Gere’s character gyrates to Jerry Lee Lewis, and reads ‘Silver Surfer’ comic books, while Godard’s version moves smoothly to jazz and classical music.

Richard Gere reads the ‘Silver Surfer’ to Valerie Kaprisky.

All that may be true — although I don’t agree — but when it comes to the very last shot in the final scene, the American version, in my opinion, is far more dramatic than the French ending.


Gere grabbing the gun and spinning around to fire and — FREEZE FRAME —- as Jerry Lee Lewis belts out the song.  Great last shot! Super-dramatic, and romantic as hell.

Valerie Kaprisky is way more warm and sexy than cold, aloof, unsexy Jean Seberg. And throughout the movie, I found Gere’s character to be more likable and endearing than the obnoxious punk Belmondo portrays.


The French ending is similar to the American, with the hapless anti-hero picking up the gun that was tossed onto the road for him. 

But the last shot doesn’t have that killer of a moment when Gere spins around with the gun — FREEZE FRAME — roll credits as Jerry Lee Lewis pounds out the song ‘Breathless.’

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Banned DiCaprio flick exposed

Prohibited from ever being shown in the U.S. and Canada!

Ad-libbed indie flick ‘Don’s Plum’ made in the mid-1990s featured then little-known actors Leonardo DiCaprio and Tobey Maguire.

Now superstars, DiCaprio and Maguire fought tooth and nail to prevent the film from ever being released.

Well, now it’s out:


The New York Post exclusively obtained court documents, footage of depositions from the actors, and other materials that reveal the complete story of the movie DiCaprio and Maguire never wanted the public to see.

Reprinted from the New York Post — story by Steven Greenstreet and Tamar Latin:

Shot over six days between July ‘95 and March ‘96 in “Clerks”-like black-and-white style, it tells the story of a group of 20-something guys who gather every Saturday night at a Los Angeles diner the film is named for, each with a new girl.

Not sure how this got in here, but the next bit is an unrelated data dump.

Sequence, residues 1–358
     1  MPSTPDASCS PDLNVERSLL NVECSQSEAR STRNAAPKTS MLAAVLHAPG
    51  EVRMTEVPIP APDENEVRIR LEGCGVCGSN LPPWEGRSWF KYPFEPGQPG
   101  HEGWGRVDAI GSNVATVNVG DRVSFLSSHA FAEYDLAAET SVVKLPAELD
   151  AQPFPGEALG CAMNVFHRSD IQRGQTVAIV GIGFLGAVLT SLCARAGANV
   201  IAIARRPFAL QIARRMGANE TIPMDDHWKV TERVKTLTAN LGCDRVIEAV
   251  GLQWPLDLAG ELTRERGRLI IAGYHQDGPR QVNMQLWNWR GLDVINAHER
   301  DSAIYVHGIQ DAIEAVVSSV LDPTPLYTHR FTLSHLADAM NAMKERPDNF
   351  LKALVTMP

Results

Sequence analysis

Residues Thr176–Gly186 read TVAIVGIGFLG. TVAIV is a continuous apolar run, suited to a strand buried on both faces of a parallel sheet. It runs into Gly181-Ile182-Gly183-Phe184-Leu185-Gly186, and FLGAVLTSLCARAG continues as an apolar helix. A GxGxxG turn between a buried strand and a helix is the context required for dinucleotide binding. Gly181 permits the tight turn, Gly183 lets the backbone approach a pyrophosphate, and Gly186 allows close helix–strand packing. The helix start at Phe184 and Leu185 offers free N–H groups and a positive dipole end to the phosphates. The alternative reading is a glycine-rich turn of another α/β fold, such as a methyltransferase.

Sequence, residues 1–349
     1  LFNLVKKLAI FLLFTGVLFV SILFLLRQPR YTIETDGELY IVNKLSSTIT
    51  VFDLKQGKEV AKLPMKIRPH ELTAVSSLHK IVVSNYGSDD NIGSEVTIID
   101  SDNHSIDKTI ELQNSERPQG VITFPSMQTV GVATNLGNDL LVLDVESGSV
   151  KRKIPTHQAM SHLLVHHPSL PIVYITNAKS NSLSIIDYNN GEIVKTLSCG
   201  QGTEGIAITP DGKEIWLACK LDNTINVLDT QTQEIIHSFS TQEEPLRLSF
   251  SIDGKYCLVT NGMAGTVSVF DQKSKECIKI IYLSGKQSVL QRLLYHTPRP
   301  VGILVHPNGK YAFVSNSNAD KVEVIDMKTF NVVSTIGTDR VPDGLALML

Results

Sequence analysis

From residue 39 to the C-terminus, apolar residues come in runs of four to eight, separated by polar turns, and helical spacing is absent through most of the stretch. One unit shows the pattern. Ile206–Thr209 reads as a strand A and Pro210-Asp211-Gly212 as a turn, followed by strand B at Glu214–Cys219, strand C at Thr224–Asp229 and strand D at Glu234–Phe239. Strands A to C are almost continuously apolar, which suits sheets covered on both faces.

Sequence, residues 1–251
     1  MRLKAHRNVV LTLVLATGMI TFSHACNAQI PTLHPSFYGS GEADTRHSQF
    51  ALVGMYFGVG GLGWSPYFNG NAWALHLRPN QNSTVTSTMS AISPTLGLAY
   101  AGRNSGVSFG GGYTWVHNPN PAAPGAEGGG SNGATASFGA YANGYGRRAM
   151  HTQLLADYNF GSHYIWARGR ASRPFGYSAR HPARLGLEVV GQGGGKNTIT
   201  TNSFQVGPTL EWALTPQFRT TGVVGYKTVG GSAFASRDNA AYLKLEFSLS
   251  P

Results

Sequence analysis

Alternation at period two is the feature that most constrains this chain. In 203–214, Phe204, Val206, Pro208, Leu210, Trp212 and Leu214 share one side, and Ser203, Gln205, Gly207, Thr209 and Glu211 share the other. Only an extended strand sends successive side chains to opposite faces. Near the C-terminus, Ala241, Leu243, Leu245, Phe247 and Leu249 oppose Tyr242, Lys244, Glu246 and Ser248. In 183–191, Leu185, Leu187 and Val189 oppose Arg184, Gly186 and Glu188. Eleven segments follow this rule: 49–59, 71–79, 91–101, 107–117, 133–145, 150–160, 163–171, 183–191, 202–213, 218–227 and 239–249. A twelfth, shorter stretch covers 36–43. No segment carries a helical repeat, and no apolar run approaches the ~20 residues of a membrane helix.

In it, DiCaprio plays rude, standoffish Derek, whose standout lines are: “Do you girls masturbate at all?” and “I’ll fucking throw a bottle at your face, you goddamn whore.” He does then throw a glass — at Amber Benson of ‘Buffy the Vampire Slayer’ fame — in a cringe-inducing scene meant to scare the actress away from the set.

Early DiCaprio flick banned

Maguire’s character, Ian, meanwhile, in one scene — which was cut from the final version of the film at his behest — reveals his unusual masturbation habits.

The characters the stars portray are “not necessarily who [DiCaprio and Maguire] are,” said Tawd Beckman, one of the producers.

“But of course it is so free-flowing and it seems so natural, that an audience is gonna look at that, look at DiCaprio, look at Maguire and say, ‘Oh, that’s who they are.’ ”


It’s for that reason that Wheatley, Beckman and others suspect DiCaprio and Maguire didn’t want U.S. audiences to ever see their characters on the big screen.

In depositions given as part of a 1998 lawsuit — which resulted in the film being banned in the country — DiCaprio and Maguire said it was because they never meant for the film school-like project to become a full-length feature.

In the aftermath, DiCaprio moved on to unimaginable fame and star-studded projects, and Maguire got his big break as ‘Spider-Man.’

But the others involved, like Wheatley, had to live with the fallout: ruined careers, destroyed friendships, divorce and thoughts of suicide.